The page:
Follow Slashdot blog updates by subscribing to our blog RSS feed

 



Forgot your password?
typodupeerror
Check out the new SourceForge HTML5 internet speed test! No Flash necessary and runs on all devices. ×
Security Hardware

Backdoor Discovered Into Seagate NAS Drives 121

Mark Wilson writes: If you have not recently updated the firmware for your Seagate wireless NAS drives, now is the time to do so. Researchers at Tangible Security have discovered a series of vulnerabilities in a number of devices produced by Seagate that could allow unauthorized access to files and settings. An undocumented Telnet feature could be used to gain control of the device by using the username 'root' and the hardcoded default password. There are also other vulnerabilities that allow for unauthorized browsing and downloading of files, as well as permitting malicious files to be uploaded. Tangible Security says that Seagate Wireless Plus Mobile Storage, Seagate Wireless Mobile Storage, and LaCie FUEL drives are affected, but there may also be others. The security issues are confirmed to exist with firmware versions 2.2.0.005 to 2.3.0.014.
This discussion has been archived. No new comments can be posted.

Backdoor Discovered Into Seagate NAS Drives

Comments Filter:
  • by nickweller ( 4108905 ) on Monday September 07, 2015 @05:30PM (#50474095)
    Who wrote the code. What explanation do they have for inserting such features in a supposedly secure storage device. Is there a more sinister explanation for this?
    • Who wrote the code. What explanation do they have for inserting such features in a supposedly secure storage device. Is there a more sinister explanation for this?

      Apparently never heard of MHDD http://hddguru.com/software/20... [hddguru.com] (it's grown - used to be a hobbyist site, now much more professional). I've used it to gain access to drives using default passwords, excellent tool for "talking" to your hard drives, and fixing what's wrong.

    • by Anonymous Coward

      Easily reinstall the OS if it gets hosed, like most routers have? Perhaps an early feature that was dropped but never removed from the code?
      Not everything is some great conspiracy to give the government all of your files so they can forward them to out alien reptile overlords. In fact, nearly nothing is.

      • @Anonymous Coward: "Perhaps an early feature that was dropped but never removed from the code?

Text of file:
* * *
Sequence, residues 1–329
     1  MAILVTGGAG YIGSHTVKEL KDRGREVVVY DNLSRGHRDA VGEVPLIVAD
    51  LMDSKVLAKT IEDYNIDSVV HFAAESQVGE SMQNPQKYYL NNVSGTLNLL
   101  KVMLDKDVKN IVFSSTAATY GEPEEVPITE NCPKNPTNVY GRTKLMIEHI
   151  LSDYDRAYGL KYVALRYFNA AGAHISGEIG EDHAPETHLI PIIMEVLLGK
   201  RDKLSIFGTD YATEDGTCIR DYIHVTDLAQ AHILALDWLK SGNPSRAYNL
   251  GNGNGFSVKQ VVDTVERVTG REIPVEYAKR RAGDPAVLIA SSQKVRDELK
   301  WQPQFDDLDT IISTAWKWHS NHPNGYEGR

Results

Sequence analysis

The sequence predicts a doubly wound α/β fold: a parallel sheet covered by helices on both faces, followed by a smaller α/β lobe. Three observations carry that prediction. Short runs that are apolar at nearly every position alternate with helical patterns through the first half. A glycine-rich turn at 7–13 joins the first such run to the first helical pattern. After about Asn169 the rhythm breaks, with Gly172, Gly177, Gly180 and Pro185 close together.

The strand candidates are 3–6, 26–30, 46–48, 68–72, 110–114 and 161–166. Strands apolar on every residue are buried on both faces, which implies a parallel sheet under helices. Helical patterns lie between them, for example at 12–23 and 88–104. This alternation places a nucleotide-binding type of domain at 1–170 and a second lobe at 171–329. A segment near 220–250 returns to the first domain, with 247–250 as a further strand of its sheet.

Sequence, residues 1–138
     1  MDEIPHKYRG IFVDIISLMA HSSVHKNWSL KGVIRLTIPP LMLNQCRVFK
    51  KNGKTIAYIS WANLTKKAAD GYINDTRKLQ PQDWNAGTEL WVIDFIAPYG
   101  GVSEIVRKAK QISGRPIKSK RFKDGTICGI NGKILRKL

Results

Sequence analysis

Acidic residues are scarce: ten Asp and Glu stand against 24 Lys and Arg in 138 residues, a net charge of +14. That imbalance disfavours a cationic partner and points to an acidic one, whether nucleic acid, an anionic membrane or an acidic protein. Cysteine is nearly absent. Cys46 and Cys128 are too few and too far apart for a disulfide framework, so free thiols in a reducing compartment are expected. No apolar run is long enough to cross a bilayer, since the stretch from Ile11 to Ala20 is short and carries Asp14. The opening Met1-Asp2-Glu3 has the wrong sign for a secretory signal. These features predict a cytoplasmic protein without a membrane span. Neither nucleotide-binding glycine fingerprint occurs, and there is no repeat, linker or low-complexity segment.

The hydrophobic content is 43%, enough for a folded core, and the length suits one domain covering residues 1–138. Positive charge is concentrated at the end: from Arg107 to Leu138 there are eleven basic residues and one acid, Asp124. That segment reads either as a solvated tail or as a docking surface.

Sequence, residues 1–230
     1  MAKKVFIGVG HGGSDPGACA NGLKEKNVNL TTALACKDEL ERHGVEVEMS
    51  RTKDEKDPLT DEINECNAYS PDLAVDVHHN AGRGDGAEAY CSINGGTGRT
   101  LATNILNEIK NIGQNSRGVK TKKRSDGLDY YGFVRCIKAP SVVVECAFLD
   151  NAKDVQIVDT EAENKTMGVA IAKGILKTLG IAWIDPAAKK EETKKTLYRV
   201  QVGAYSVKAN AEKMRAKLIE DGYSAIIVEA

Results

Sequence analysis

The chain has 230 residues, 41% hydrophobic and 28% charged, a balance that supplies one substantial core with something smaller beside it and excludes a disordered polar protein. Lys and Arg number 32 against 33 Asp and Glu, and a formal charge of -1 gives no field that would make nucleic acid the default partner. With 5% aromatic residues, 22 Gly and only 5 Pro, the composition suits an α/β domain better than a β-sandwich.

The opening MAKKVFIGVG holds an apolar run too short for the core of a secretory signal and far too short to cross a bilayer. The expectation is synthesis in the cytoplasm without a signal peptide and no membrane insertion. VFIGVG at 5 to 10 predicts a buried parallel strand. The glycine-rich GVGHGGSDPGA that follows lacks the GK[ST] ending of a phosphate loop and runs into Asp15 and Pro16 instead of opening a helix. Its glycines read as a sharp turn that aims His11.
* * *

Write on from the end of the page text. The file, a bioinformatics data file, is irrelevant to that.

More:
Who was it tested the device for security vulnerabilities before releasing to market. They did run some tests - didn't they?
    • The title is pretty clear about it: It was just discovered into the drives by Tangible Security.

    • "Never attribute to malice that which is adequately explained by stupidity."

      Unfortunately, the explanation is not adequate.

    • "made in NSA" ?? These guys have been at that stuff for decades. Better hope it wasn't FSA or Cn...
    • by AmiMoJo ( 196126 ) <mojoNO@SPAMworld3.net> on Tuesday September 08, 2015 @03:45AM (#50476767) Homepage

      As much as I love a good NSA/GCHQ conspiracy theory, I think this one is most likely just incompetence. Their NAS boxes run Linux, and telnet is really useful for debugging headless machines during development. Someone either forgot to turn it off before shipping or just assumed that because they changed the default port no-one would find it.

    • supposedly secure storage device.

      It's a wireless NAS - it's insecure in it's very conception, as well as insane.

      OK, slightly less insane - with capacities limited to 500GB, they're only going to take a day or so to fill or empty, depending on how much other traffic you have on your WiFi network. But for fucks sake, if you're going to spend even a femtosecond on thinking about security, then you're going to dump the WiFi for wired.

  • Let me guess (Score:4, Informative)

    by Anonymous Coward on Monday September 07, 2015 @05:30PM (#50474099)

    Closed-source firmware?

    • by Anonymous Coward

      Doesn't matter. How many people verify the firmware on their products match the open source version? Differences when compiled can be shrugged off as different compiler versions. You'd have to verify every instruction. For the people who reflash their devices? So what? Now they simply don't have the back door. It's unlikely to matter and almost everyone won't do it.